As advocate of peace and non-violence, Dr. King is still one of the most brilliant and renowned leaders in world history, who created has created some of the most famous and important quotes of this century. These are our top 10 Martin Luther King quotes:
Next to the Word of God, the noble art of music is the greatest treasure in the world.
Even if I knew that tomorrow the world would go to pieces, I would still plant my apple tree.
If you want to change the world, pick up your pen and write.
We are saved by faith alone, but the faith that saves is never alone.
I have so much to do that I shall spend the first three hours in prayer.
You are not only responsible for what you say, but also for what you do not say.
Everything that is done in this world is done by hope.
You have as much laughter as you have faith.
Where the battle rages, there the loyalty of the soldier is proved.
About Our Martin Luther King Quotes:
Widely appreciated for his peaceful ways of voicing human rights and justice for African Americans, Martin Luther King’s reputation still charm the present generation with his leadership and outspokenness during the civil rights movement in 1950’s. Born in January 15, 1929 in Atlanta, Georgia, Dr. King grew up in the Sweet Auburn neighborhood. He was a gifted student, and at 15, he studied law and medicine.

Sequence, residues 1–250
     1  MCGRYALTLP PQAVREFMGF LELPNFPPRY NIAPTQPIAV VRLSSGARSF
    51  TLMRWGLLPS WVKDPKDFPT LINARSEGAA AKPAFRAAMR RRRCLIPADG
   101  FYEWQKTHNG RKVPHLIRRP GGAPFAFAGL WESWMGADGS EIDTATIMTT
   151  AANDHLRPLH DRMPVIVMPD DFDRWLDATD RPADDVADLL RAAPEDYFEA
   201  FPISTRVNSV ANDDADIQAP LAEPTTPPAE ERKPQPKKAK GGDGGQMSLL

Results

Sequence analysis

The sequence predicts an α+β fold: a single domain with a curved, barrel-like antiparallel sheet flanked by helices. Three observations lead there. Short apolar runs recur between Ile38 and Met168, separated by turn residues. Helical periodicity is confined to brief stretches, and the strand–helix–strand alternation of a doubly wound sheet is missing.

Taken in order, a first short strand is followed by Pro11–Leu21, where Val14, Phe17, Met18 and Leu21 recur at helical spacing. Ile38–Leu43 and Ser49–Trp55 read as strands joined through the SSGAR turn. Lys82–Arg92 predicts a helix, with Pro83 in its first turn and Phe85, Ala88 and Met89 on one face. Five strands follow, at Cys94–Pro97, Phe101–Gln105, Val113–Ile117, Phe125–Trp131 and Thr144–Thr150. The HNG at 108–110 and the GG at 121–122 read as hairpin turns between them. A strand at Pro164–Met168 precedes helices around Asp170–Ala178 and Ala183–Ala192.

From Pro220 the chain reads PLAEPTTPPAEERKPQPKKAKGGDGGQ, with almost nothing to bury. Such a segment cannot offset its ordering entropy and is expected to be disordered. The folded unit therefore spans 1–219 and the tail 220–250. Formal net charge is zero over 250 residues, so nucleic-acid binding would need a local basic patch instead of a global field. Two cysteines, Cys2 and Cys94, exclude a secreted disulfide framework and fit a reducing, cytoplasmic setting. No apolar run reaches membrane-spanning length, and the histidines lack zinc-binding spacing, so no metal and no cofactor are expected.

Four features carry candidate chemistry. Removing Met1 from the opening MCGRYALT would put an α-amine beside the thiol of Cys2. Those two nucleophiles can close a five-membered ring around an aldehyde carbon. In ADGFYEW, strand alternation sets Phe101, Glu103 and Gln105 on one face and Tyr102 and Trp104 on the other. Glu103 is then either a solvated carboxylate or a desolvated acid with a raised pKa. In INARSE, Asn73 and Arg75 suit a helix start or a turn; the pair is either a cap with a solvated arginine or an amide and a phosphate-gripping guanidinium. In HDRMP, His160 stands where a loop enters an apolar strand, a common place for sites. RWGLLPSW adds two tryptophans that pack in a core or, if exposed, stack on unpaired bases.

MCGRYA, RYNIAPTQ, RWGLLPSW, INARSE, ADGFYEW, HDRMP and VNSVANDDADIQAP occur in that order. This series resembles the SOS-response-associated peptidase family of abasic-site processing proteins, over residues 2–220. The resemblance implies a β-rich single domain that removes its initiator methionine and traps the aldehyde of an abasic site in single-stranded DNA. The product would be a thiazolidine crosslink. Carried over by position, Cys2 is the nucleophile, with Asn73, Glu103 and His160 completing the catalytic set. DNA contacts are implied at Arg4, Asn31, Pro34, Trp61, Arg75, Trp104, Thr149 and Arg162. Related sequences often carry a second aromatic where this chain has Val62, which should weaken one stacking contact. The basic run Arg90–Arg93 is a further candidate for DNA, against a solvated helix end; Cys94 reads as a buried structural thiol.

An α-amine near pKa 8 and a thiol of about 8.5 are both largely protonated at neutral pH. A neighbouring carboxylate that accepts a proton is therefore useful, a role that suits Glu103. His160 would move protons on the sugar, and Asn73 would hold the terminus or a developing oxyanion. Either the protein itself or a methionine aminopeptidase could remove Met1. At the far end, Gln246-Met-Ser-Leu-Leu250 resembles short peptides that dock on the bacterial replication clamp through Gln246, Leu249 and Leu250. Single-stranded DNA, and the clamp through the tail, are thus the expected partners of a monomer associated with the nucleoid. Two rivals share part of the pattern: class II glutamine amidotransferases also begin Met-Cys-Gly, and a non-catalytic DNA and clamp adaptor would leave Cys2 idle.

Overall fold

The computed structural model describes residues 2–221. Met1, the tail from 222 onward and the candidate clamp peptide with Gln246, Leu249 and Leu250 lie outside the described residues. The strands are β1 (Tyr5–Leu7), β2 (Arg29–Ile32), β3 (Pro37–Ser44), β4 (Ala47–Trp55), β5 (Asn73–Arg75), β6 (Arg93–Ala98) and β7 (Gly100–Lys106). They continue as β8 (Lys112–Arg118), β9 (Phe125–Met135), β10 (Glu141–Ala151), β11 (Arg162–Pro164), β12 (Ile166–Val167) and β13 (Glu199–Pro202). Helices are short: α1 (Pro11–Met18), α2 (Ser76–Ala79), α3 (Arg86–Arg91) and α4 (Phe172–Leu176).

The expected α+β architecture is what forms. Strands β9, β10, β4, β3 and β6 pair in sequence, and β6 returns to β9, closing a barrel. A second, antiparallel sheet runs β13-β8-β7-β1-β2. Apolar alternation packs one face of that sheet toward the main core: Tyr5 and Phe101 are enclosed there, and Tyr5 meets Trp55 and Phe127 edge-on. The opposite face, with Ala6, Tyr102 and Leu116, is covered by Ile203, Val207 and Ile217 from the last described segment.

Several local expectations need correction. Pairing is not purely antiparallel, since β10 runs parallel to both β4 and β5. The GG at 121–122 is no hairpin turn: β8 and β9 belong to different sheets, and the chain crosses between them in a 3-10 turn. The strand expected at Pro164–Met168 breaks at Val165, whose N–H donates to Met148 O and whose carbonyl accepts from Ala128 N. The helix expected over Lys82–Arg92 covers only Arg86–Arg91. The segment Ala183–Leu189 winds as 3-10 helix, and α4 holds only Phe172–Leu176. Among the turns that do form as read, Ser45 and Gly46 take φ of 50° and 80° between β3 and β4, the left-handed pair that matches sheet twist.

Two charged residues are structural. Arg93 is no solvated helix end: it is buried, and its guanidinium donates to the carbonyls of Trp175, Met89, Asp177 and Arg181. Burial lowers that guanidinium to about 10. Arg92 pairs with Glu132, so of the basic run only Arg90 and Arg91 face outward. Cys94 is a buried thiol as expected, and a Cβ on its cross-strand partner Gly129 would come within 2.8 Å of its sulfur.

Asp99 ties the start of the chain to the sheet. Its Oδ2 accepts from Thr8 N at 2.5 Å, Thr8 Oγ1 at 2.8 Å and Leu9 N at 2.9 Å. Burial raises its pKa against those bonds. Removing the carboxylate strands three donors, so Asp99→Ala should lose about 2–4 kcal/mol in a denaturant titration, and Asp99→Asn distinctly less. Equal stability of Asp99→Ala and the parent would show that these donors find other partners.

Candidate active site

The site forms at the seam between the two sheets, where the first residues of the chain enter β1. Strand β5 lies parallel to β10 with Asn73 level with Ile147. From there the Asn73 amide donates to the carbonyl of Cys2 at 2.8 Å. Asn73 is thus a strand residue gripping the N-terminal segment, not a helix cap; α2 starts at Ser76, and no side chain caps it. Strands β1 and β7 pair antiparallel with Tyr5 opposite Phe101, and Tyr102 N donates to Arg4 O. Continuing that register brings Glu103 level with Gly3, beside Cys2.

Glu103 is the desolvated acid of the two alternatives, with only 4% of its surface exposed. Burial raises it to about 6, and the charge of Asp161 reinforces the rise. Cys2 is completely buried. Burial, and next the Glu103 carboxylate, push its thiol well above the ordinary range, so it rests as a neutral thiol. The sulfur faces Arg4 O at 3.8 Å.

From then, he became a Baptist minister and a social activist who sought for equality among his people, the African Americans, who were economically disadvantaged by other powerful races. Through more peaceful means of gaining progress toward racial justice in America, Dr. Luther King was loved by many of his kind. He was the inspiring, driving force who used powerful and poignant speeches to create an impact to the modern American Civil Rights Movement. Drawing insights from his Christian beliefs as well as the cordial yet moving teachings of the illustrious Mahatma Gandhi, he created and preached a lot of moving sermons but his most famous speech was the ‘I Have a Dream’ that he delivered in August 1963 at Lincoln Memorial. His campaigns also extended against poverty and international dispute that revolved around inequality among members of human family. However, in his significant quest to equality, he met his untimely death in 1968. He was assassinated a day after he addressed his last speech, ‘I’ve Been to the Mountaintop’.